As research on addiction continues to develop and widen our understanding of substance use, so too do the many different treatments evolve. Back in the day, the management of substance use disorder was mainly overseen by two or three professions. But today, there are a number of different professionals that work together to create holistic treatment plans for each individual person.
Two of the most commonly mentioned professionals necessary to achieve sobriety include the therapist and the coach. While some people use these terms interchangeably, both professionals serve a unique purpose in the process of treatment and fulfill completely different roles.
What is a Therapist?
Individuals suffering from substance use disorder often develop the condition as the result of trauma. Deep-seated memories of abuse, fear, anxiety, helplessness, and depression can all hurt a person’s psyche and force them to look for a possible escape. This escape can look different for each individual, but unfortunately, it often takes the form of drugs or alcohol.
A therapist’s role in the treatment process is to unearth these traumas and help the individual process their experiences. Sometimes, therapists are referred to as ‘counselors’, especially when the individual being treated wants to distance themselves from the negative connotation that comes with ‘therapy.’
Often a long-term process, this therapy involves addressing the traumatic experiences that might have triggered the addiction in the first place. Therapists must be cautious to explore such sensitive issues with tact and care, especially since some individuals may be triggered into a panic attack when confronting past traumas. And while you might be able to live independently of your therapist, some clients find themselves touching base every now and then especially when confronted with potential relapse.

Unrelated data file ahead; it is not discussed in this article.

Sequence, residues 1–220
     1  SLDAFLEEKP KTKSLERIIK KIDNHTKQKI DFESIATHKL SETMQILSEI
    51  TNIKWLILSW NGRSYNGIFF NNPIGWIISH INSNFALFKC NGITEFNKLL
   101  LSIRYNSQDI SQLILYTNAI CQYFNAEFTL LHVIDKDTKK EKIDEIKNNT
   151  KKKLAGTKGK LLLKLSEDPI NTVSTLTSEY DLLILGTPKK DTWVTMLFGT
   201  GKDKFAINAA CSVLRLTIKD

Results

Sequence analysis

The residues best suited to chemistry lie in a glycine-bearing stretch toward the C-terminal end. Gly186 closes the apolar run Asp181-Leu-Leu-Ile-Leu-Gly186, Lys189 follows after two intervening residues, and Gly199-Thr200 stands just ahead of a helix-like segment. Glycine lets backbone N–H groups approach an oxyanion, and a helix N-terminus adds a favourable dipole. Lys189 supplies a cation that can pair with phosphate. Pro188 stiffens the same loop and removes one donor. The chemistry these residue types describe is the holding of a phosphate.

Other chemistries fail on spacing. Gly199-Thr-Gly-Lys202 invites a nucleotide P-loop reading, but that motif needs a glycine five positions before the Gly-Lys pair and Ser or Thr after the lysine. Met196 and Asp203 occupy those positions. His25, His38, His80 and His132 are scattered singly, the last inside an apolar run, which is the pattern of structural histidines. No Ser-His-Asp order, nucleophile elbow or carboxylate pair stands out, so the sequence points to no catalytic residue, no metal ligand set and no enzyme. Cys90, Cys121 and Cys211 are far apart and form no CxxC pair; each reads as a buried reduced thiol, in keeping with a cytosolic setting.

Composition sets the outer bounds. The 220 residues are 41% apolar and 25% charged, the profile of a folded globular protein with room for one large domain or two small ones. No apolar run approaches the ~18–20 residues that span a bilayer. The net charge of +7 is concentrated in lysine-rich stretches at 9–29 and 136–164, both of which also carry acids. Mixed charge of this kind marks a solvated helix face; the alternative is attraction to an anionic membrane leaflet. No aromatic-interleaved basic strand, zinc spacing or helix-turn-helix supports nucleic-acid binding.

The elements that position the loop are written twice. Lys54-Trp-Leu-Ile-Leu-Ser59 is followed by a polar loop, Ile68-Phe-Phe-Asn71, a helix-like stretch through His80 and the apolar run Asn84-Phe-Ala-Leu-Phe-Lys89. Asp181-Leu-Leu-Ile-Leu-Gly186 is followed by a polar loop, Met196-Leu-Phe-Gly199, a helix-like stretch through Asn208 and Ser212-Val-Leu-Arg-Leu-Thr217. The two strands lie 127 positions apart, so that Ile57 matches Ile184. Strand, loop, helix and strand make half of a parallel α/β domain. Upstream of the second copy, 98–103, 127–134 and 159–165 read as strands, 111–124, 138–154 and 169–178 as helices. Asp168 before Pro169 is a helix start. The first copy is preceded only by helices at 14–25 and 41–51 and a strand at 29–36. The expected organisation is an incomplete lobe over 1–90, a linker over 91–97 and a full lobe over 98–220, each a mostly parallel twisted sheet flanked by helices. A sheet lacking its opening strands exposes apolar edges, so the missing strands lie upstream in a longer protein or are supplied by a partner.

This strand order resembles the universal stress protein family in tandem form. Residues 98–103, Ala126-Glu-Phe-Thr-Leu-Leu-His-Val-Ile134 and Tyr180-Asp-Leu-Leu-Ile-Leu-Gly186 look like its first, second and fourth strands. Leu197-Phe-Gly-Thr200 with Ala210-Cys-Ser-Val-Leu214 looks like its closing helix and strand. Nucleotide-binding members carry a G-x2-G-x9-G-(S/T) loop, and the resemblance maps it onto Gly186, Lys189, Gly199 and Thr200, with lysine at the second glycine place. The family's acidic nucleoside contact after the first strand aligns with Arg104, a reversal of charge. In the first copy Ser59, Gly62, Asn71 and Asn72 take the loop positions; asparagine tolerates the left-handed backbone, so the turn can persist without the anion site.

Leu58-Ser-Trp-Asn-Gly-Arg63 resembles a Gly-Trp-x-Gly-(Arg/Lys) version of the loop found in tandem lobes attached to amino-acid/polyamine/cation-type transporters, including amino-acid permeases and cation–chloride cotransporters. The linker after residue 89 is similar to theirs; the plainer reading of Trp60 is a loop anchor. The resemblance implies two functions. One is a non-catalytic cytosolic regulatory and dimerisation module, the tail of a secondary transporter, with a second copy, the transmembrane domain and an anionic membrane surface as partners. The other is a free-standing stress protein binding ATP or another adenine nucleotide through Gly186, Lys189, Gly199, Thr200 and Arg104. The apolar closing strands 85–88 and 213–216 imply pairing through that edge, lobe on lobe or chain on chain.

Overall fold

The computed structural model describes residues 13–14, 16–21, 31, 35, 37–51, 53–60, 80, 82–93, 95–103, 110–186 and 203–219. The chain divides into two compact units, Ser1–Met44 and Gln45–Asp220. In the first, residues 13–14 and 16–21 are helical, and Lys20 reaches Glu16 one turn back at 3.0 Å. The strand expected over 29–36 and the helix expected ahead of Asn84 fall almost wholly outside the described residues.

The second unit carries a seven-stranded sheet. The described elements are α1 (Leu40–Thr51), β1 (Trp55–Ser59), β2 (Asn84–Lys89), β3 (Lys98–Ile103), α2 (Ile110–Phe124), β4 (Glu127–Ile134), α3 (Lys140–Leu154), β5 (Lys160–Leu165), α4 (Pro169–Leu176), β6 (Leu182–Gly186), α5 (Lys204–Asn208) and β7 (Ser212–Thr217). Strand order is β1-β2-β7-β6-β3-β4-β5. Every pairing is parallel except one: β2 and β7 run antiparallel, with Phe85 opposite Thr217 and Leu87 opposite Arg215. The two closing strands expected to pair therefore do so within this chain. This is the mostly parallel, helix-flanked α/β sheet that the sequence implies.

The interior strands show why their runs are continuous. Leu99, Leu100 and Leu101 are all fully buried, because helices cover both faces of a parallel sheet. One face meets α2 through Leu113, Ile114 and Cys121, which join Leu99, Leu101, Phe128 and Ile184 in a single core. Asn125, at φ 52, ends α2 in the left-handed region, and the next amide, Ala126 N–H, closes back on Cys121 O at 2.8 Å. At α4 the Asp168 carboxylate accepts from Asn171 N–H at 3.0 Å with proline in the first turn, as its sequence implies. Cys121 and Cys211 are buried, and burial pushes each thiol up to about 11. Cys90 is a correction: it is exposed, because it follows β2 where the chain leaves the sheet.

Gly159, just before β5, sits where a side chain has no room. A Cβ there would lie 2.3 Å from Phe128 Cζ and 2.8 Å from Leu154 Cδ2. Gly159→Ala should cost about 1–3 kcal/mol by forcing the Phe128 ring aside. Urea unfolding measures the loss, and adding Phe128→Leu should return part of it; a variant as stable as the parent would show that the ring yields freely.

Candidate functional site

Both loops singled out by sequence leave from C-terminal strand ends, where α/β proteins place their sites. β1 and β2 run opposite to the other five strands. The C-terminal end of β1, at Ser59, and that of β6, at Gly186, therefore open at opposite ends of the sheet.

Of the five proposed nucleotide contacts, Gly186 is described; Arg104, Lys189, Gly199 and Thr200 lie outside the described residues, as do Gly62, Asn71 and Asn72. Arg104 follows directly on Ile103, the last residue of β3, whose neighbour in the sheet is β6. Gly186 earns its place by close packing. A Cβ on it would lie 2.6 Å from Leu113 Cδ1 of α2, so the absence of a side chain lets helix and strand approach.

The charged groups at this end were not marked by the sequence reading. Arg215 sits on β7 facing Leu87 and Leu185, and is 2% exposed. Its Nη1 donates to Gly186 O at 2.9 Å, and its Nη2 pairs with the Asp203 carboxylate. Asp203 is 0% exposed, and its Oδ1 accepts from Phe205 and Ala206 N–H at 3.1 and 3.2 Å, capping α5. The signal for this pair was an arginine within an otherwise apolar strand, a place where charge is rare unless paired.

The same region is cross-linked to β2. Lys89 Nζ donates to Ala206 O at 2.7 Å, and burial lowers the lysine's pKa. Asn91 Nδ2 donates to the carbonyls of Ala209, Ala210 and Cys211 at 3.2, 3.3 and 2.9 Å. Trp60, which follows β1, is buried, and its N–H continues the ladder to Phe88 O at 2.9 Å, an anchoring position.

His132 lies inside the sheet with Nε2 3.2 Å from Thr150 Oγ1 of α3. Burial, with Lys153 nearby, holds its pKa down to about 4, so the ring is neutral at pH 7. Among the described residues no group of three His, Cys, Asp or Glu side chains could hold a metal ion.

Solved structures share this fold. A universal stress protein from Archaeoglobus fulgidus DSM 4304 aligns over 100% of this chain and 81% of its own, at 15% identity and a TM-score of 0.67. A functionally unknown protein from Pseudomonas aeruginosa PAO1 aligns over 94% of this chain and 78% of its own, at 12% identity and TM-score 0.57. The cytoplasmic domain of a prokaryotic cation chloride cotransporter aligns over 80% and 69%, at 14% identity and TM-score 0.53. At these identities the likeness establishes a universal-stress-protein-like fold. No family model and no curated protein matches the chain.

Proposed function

Some of the things that a therapist might do during therapy include:
- Providing incentives for behavior that encourages sobriety and abstinence
- Addressing past traumas
- Teaching coping mechanisms to avoid relapse
- Discussing close family relationships and friendships
- Offering socialization opportunities, especially with other participants
What is a Coach?
Unlike a therapist that focuses mainly on the past, a coach’s attention is fixed on the present. These professionals don’t look into your emotions or history too much, and are more concerned with mapping out your day-to-day life to maximize your chances of success.
Coaches provide assistance when it comes to goal achievement, and they provide encouragement to help you fulfill your objectives that were set out during your first few meetings. Coaching often involves looking into present, problematic behaviors that might be hindering a person from being their best self.
A coach can stick around for as long as you need them, but often, clients become independent of their coach once they get the hang of their new routine. Individuals in addiction treatment can benefit from a coach especially in terms of establishing healthy self-care and work patterns.
Some of the things that a coach might help with include:
- Establishing healthy routines that focus on self-care
- Improving communication skills